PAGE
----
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WARREN SPAHN - AUTOGRAPHED SIGNED PHOTOGRAPH CO-SIGNED BY: JOHNNY SAIN - HFSID 279174

WARREN SPAHN, CO-SIGNED BY: JOHNNY SAIN B/w full-length photograph of Spahn and Sain ("...pray for rain") in Boston Braves colors and standing in the dugout, signed in blue ink Photograph signed "Warren Spahn" and "Johnny Sain", both in blue ink. B/w, 7¾x9¾ overall, 7x9¼ image.

Sale Price $935.00

Reg. $1,100.00

Condition: See item description
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WARREN SPAHN, CO-SIGNED BY: JOHNNY SAIN
B/w full-length photograph of Spahn and Sain ("...pray for rain") in Boston Braves colors and standing in the dugout, signed in blue ink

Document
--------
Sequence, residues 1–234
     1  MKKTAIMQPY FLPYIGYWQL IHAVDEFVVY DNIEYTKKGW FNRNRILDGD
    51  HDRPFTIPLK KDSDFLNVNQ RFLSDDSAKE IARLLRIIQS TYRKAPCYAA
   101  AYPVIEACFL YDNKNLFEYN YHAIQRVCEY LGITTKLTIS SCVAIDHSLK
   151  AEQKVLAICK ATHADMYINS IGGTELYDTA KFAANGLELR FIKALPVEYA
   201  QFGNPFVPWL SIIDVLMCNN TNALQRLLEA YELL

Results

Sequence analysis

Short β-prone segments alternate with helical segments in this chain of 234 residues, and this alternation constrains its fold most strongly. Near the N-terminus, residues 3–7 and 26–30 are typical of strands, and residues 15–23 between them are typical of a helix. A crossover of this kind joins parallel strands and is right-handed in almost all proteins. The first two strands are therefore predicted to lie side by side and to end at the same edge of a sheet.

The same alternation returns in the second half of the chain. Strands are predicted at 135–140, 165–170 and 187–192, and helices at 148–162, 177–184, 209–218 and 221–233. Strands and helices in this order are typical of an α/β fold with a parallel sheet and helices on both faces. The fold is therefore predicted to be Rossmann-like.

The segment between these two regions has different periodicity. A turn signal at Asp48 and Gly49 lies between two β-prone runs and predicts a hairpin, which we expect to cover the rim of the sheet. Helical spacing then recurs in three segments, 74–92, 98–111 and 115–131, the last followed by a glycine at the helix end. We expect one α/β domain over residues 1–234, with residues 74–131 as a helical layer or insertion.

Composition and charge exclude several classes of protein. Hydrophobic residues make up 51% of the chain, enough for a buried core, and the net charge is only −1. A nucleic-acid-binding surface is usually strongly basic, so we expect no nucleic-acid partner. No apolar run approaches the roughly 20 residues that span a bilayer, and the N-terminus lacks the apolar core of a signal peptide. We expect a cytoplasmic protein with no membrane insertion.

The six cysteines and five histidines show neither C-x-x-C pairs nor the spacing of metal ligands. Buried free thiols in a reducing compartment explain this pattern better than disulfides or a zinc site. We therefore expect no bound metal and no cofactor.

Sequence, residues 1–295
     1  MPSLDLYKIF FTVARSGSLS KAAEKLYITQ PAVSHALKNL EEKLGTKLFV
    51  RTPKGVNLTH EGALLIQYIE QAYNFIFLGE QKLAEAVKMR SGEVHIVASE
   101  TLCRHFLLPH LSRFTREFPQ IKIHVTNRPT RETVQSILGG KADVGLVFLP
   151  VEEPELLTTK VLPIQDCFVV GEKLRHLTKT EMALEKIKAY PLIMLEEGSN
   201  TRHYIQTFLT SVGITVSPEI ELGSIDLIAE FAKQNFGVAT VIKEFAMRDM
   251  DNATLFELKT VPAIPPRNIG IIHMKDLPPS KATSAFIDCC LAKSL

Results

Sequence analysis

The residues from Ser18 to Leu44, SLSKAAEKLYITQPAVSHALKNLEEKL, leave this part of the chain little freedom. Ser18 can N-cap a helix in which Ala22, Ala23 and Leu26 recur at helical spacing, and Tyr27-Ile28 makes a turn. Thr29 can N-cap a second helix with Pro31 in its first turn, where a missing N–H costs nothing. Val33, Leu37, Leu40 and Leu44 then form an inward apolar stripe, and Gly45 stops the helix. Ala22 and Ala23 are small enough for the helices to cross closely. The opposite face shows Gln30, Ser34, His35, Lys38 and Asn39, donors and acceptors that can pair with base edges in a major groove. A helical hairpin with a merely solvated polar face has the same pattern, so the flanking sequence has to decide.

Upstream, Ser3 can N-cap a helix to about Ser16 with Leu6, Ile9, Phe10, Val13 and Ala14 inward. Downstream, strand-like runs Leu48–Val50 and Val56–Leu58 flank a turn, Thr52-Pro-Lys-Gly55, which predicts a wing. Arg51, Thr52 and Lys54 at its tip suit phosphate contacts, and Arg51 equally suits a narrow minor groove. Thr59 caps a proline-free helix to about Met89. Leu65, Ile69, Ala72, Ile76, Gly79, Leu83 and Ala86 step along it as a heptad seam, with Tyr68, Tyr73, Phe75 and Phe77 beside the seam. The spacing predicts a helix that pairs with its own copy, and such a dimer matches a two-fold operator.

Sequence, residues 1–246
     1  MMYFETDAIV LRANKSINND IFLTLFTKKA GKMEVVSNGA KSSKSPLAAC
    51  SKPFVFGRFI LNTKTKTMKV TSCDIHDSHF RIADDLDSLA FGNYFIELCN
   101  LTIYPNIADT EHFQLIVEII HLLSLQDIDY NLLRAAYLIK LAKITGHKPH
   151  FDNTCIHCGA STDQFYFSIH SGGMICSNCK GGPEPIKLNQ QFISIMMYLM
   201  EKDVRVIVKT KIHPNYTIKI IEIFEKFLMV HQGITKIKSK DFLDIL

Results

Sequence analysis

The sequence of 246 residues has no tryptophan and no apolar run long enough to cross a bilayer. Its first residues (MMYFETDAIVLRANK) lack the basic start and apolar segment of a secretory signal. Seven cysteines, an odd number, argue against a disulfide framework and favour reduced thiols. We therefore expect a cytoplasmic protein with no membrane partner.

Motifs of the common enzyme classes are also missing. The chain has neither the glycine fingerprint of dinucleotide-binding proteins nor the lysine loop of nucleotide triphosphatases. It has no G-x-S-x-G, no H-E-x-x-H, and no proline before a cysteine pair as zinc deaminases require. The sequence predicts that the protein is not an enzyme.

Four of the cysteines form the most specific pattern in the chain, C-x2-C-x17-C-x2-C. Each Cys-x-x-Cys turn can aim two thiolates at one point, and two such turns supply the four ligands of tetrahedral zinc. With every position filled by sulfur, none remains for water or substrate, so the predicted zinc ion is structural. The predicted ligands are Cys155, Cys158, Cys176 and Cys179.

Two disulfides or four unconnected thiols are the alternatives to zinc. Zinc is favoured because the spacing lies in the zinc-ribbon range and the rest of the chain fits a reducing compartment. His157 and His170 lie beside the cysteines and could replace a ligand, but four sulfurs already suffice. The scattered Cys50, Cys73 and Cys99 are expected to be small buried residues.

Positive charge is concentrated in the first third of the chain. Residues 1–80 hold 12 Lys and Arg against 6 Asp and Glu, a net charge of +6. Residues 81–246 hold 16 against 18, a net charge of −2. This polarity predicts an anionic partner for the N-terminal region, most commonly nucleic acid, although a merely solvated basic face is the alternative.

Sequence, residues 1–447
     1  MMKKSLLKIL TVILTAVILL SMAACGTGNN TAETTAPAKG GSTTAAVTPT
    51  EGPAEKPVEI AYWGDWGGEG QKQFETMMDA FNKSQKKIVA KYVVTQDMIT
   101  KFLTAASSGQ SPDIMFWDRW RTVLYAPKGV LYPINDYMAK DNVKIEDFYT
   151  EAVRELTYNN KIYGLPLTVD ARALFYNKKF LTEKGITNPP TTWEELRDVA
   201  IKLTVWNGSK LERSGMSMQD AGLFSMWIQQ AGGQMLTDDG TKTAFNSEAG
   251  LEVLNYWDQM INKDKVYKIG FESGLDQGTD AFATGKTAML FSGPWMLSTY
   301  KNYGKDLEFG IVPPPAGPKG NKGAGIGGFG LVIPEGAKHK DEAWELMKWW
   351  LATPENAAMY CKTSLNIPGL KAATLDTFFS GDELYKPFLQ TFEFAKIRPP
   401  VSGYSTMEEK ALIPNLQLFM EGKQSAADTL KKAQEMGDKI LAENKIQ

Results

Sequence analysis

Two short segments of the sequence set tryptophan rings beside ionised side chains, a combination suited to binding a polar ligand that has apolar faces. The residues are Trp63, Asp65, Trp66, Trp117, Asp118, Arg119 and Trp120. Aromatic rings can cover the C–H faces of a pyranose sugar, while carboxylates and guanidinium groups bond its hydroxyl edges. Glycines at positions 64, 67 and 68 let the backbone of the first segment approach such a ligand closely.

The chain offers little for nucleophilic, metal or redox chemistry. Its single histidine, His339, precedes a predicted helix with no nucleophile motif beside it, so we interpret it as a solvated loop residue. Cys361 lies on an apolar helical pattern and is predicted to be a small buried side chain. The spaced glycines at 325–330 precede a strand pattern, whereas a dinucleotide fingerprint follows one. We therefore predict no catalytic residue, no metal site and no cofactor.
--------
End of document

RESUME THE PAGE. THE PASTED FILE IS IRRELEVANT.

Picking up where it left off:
Photograph signed "Warren Spahn" and "Johnny Sain", both in blue ink. B/w, 7¾x9¾ overall, 7x9¼ image. The pitchers are pictured in the uniforms of the Boston Braves, where they were teammates in 1942 and between 1946 and 1951. In their best years (1947-1950), Spahn and Sain had a combined record of 153 games won and 111 lost, a winning percentage of .580, which would translate to 89-90 wins, enough to be a pennant contender. The refrain of "Spahn and Sain and pray for rain" was heard throughout New England. The rest of the pitchers had a winning percentage of only .519. SPAHN (1921-2003, born in Buffalo, New York) is the most winning left-hander in history with 363 victories, all but seven coming with the Boston-Milwaukee Braves. He was a 20-game winner 13 times, including six years in a row; and led the National League in wins eight times and complete games on nine occasions. The Hall of Famer still holds the National League lifetime mark for innings pitched over his 21-year career, during which he hurled two no-hitters and won the 1957 Cy Young Award. Spahn hit 35 home runs in his career, more than any other pitcher. He was awarded the Purple Heart and Bronze Star in World War II. In 1948, SAIN (1917-2006, born John Franklin Sain in Havana, Arkansas) led the NL with 24 wins, 39 starts, 28 complete games and 314 innings. He won 20 games each year from 1946 to 1948, slumped in 1949, but came back with a 20-13 mark in 1950. In three of his 20-win seasons, Sain led the league in hits allowed. Sent to the Yankees in August 1951, he contributed 11-6 and 14-7 marks to the 1952 and 1953 Yankee pennants, then led the AL with 22 saves in 1954. An excellent-hitting pitcher (.245), Sain averaged .346 in 1947 and .353 in 1954, and he led the NL with 16 sacrifice hits in 1948. Lightly bowed, otherwise in fine condition.

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